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Photoinhibition



Photoinhibition is a reduction in a plant's (or other photosynthetic organism's) capacity for photosynthesis caused by exposure to strong light (above the saturation point). Photoinhibition is not caused by high light per se, but rather absorption of too much light energy compared with the photosynthetic capacity, i.e. any excess energy that the photosystem cannot handle is damaging. Too much light energy affects (photosystem II (P680)) more than photosystem I (PSI), and it has been hypothesized that the excess energy damages either the oxidizing (donor) or reducing (acceptor) side of PSII, damaging the water oxidizing complex on the donor side or blocking the flow of electrons to plastoquinone on the acceptor side (Hall & Rao 1999).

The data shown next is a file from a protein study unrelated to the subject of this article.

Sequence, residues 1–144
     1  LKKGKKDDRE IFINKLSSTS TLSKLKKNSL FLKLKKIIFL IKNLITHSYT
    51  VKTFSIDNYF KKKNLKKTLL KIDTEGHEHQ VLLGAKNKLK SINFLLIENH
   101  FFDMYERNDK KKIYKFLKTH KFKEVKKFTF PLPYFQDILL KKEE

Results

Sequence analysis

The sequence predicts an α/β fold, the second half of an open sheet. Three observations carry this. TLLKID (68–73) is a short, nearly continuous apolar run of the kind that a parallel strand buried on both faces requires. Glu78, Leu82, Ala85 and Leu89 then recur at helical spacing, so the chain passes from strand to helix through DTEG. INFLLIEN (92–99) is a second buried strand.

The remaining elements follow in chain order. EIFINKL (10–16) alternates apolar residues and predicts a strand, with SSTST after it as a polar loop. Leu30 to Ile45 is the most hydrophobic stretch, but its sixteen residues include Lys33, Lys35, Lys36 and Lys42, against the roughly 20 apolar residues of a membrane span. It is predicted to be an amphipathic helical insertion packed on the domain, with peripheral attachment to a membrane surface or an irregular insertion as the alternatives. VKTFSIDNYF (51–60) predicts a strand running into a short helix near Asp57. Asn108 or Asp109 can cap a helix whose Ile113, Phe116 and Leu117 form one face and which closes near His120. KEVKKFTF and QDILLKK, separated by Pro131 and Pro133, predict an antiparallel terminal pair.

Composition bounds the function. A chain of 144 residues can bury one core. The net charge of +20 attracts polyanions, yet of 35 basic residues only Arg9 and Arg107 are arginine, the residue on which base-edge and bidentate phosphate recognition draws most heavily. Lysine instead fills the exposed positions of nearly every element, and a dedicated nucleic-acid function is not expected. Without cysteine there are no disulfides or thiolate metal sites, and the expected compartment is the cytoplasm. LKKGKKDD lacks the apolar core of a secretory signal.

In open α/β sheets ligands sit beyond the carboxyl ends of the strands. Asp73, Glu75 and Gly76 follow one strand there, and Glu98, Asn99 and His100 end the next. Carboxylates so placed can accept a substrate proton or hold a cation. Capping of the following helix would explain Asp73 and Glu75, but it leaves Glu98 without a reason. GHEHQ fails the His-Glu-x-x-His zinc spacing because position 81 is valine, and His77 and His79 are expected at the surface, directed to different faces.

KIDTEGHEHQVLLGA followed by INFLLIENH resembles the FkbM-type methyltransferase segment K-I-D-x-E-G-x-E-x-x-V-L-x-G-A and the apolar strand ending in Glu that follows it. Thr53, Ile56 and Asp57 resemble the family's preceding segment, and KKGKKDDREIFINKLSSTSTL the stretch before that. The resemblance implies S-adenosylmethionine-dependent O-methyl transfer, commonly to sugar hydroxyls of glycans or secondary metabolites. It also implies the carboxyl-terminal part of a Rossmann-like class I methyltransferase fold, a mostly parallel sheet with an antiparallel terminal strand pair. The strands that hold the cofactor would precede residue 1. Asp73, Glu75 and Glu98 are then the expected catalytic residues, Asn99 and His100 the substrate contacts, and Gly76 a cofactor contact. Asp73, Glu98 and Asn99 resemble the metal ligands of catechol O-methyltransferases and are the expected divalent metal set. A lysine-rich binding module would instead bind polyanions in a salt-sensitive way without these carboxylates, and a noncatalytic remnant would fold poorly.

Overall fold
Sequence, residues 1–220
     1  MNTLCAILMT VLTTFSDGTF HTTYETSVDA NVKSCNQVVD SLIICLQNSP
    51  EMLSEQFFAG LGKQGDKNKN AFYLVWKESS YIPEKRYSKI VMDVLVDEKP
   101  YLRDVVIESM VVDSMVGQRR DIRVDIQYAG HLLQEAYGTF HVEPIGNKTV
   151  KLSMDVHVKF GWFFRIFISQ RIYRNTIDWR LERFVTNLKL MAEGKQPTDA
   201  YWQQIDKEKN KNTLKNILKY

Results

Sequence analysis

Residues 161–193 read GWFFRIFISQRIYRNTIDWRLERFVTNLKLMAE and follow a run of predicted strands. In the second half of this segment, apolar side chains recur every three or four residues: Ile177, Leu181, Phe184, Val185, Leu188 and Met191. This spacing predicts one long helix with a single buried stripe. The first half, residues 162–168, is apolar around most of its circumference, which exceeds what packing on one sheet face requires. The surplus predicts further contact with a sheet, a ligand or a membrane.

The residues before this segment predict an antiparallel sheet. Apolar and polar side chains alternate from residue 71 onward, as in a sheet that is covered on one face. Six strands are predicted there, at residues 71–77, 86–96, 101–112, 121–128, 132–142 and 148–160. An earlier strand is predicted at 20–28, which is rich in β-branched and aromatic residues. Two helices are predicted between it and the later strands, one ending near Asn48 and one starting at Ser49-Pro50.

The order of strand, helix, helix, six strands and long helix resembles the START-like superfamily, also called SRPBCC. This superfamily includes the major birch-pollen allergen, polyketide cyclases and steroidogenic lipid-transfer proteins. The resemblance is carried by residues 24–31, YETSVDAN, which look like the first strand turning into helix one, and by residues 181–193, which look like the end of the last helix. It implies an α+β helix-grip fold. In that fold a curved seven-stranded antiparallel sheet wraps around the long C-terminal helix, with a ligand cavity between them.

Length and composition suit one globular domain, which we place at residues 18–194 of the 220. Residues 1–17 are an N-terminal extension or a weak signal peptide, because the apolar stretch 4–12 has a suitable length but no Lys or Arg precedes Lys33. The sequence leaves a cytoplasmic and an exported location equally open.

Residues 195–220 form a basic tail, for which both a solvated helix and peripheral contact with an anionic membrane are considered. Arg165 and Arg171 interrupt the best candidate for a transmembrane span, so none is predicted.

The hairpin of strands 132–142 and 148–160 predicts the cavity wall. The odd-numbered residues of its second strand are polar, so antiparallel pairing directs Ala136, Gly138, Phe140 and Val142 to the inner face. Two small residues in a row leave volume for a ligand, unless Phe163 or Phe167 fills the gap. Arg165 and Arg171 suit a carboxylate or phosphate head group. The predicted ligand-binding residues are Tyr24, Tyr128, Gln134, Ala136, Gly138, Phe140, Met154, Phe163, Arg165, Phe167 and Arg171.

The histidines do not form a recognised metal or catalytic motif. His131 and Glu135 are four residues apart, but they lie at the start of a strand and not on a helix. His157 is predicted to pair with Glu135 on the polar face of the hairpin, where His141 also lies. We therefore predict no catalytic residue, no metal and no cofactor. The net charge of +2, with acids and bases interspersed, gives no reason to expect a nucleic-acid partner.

Additional recommended knowledge

Photoinhibition is often reversible, i.e. dynamic photoinhibition, and does in that case not inflict permanent damage to the photosystem. However, severe photoinhibition over a long time may cause highly reactive free oxygen radicals to form, which degrade photosynthetic components, i.e. chronic photoinhibition or photodamage. Particularly vulnerable is one of the main core proteins of photosystem II, protein D1, encoded by the gene psbA.

Plants and algae have several mechanisms to protect against photoinhibition, e.g. through the xanthophyll cycle.

References

  • Hall, D. O. & K. K. Rao, 1999, Photosynthesis. – Cambridge Univ. Press, Cambridge.

See also

 
This article is licensed under the GNU Free Documentation License. It uses material from the Wikipedia article "Photoinhibition". A list of authors is available in Wikipedia.
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